Thousands of Americans will die unnecessary deaths if AHCA becomes a reality

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Thirty years ago AIDS activists used the slogan, Silence = Death to convey the urgency of responding to HIV. Thanks to vocal activists and others willing to take a stand, including some working within federal agencies, many people with HIV today can live long, healthy lives.

As members of the President’s Advisory Council on HIV/AIDS, Infectious Diseases physicians, and healthcare consumers, we cannot be silent following the release of the president’s budget proposal and the House’s passage of the American Health Care Act. 

{mosads}Last week, in a scenario that’s not uncommon in the South, a woman with diabetes came to an Infectious diseases clinic for follow-up care of her HIV infection and complained of a recent foot injury.


Her HIV infection is doing well, thanks to effective HIV medicines, but her diabetes is not: She works every day at a low wage job but recently lost her health insurance, and because she lives in North Carolina, a state that has refused to expand Medicaid, she has been unable to pay for her diabetes care.

Her foot injury was not bad enough for her to go to the emergency room, but because foot injuries can have serious consequences for people with diabetes, she went to an orthopedic urgent care clinic. When she arrived, however, she was told that because she had no insurance, she would have to pay $100 up front before she could be seen. She did not have $100 — if she did, she probably would have had health insurance — so she left that clinic without receiving care for her injury.

This all too common scenario will become even more common — and thousands of Americans will die unnecessary deaths — if the president’s budget proposal and the American Health Care Act become a reality.

The president’s budget, despite boasting the title, A New Foundation for American Greatness, would leave our country’s poorest citizens without access to basic healthcare. His vision for greatness includes dismantling the Medicaid Program, a lifeline for 68.9 million Americans (based on enrollment figures for March 2017 posted on the Centers for Medicare and Medicaid Services website), including an estimated 42 percent of patients with HIV.

The House-passed American Health Care Act that would cut 14 million from the Medicaid Program by capping and cutting federal Medicaid funding by $834 billion did not go far enough for the Administration. The president’s Medicaid proposal would abandon even more poor and disabled Americans by increasing total cuts to the Medicaid Program to an estimated $1.3 trillion over the next decade.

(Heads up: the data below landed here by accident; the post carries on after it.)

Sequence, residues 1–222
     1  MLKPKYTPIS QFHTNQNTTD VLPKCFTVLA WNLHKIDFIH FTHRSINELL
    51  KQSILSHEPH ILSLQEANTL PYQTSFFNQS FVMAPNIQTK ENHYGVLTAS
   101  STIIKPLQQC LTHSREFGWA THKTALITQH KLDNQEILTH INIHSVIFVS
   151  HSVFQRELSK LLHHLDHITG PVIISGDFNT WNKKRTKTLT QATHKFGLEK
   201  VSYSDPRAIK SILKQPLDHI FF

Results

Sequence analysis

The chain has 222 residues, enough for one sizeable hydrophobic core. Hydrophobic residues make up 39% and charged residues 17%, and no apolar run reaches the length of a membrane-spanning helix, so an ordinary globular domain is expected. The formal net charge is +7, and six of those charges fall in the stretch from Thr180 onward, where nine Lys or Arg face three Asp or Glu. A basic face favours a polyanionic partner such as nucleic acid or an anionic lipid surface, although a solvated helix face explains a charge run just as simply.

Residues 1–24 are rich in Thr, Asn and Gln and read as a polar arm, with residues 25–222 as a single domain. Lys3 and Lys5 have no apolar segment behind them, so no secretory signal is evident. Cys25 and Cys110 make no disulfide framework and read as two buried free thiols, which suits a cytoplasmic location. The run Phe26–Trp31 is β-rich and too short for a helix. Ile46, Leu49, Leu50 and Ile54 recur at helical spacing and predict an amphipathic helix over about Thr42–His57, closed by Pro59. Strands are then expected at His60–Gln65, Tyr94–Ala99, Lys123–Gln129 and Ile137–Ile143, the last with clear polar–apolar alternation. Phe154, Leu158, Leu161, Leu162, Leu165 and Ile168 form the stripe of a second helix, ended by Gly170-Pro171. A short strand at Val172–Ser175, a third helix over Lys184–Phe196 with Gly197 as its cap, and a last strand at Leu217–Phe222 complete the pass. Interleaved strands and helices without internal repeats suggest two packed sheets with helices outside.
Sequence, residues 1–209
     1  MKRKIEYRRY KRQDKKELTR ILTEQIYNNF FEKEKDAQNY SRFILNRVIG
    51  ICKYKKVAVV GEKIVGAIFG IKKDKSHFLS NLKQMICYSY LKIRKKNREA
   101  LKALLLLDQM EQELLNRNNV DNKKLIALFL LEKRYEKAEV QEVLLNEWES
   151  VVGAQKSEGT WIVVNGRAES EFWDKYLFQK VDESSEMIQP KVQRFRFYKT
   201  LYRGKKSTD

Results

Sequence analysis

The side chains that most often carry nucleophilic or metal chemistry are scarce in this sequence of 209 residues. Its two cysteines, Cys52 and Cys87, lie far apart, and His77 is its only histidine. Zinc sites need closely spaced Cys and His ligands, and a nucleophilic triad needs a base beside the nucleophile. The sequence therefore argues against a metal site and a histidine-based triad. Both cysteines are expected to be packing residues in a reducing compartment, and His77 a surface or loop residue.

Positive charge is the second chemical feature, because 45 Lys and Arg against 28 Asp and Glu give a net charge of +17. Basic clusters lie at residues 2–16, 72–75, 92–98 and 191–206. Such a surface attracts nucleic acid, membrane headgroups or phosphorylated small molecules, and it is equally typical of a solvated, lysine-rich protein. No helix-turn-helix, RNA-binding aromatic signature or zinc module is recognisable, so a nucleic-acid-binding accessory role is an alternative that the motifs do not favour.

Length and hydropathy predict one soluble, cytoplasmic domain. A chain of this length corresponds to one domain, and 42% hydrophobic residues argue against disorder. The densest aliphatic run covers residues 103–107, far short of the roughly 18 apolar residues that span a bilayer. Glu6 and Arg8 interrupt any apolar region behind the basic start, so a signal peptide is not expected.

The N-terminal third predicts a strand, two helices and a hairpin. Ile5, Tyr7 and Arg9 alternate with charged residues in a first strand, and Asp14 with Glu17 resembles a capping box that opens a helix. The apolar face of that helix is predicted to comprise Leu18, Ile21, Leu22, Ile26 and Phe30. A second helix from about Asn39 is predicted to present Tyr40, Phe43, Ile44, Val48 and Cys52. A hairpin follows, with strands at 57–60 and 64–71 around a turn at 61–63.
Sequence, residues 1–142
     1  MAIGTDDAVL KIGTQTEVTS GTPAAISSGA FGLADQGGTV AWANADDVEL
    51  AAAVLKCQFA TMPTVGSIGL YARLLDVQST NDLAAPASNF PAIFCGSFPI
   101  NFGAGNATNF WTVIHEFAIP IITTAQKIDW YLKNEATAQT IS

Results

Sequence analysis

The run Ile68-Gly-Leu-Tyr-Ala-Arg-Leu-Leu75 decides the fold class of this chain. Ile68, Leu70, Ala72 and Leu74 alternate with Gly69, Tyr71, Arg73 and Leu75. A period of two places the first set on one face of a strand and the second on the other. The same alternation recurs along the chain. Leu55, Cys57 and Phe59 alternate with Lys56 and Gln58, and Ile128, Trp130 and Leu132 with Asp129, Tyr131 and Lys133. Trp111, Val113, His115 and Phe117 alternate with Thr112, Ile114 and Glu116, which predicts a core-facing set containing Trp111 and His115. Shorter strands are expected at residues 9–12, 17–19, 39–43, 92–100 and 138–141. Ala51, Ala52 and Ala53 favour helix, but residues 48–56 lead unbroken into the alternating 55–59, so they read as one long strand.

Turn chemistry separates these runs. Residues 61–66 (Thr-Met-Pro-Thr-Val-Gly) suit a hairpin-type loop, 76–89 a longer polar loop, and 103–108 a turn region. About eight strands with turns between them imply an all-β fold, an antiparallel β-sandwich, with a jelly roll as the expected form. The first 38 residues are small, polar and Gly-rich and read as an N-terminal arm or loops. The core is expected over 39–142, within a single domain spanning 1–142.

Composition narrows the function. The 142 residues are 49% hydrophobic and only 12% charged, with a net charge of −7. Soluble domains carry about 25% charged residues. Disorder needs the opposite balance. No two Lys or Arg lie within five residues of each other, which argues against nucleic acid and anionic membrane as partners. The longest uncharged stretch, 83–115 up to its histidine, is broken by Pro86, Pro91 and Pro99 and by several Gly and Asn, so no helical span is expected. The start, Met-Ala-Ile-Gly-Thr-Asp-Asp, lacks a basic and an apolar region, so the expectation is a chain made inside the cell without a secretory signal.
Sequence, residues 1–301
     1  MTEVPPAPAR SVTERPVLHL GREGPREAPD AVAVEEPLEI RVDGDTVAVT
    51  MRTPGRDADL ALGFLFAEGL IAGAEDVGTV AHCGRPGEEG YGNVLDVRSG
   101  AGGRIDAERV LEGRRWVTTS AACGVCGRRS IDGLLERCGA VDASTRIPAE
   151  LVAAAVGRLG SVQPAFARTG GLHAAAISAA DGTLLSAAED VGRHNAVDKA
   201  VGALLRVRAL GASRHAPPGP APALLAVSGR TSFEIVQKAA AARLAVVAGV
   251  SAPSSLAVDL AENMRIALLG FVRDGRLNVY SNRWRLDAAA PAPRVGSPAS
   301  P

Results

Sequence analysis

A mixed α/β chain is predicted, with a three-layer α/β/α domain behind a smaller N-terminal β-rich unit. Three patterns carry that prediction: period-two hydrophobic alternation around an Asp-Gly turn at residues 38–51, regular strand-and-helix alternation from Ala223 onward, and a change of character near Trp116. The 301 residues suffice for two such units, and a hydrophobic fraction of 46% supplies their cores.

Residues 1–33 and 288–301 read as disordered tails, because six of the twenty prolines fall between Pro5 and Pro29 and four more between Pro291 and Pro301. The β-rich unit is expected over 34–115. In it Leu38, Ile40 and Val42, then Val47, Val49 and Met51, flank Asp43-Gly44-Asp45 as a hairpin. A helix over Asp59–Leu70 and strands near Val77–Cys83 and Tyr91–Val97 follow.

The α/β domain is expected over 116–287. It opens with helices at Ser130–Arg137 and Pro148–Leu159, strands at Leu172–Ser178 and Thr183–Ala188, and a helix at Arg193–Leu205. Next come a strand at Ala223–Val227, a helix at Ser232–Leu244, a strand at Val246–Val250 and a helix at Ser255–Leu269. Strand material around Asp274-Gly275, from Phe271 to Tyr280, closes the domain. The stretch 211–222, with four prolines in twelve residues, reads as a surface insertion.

These cuts are on top of deep cuts to other healthcare, housing and social service programs that help to level the playing field for people with HIV, and many others who have challenging life circumstances that leave them grateful for the basic necessities that many of us take for granted. 

Our vision of creating a foundation for greatness includes extending healthcare access to all Americans and ending the AIDS epidemic in the US by combating stigma and discrimination, increasing access to HIV screening and prevention tools such as condoms, pre-exposure prophylaxis and sterile syringes, and ensuring access to the comprehensive treatment that keeps patients healthy and by doing so reduces their risk of transmitting the virus to others to near zero. 

The radical and regressive policies championed by the new Administration have dimmed, but not extinguished, our hope of making progress towards a country and world free of the AIDS epidemic. For people with HIV, and others with chronic serious conditions, silence will equal death if they are cut off from healthcare. We cannot be silent. We cannot stand by as our country compromises its basic values and humanity.  

Adaora A. Adimora, MD, MPH, FACP is Professor of Medicine and Epidemiology at the University of North Carolina at Chapel Hill and an Infectious Diseases physician and a member of the Presidential Advisory Council on HIV/AIDS.

Michelle Collins-Ogle, MD, FAAP is the Clinical Director, Warren-Vance Community Health Center, Inc. and a member of the Presidential Advisory Council on HIV/AIDS.

The views expressed are those of the authors and do not necessarily represent those of the Presidential Advisory Council on HIV/AIDS.

The views expressed by contributors are their own and are not the views of The Hill.

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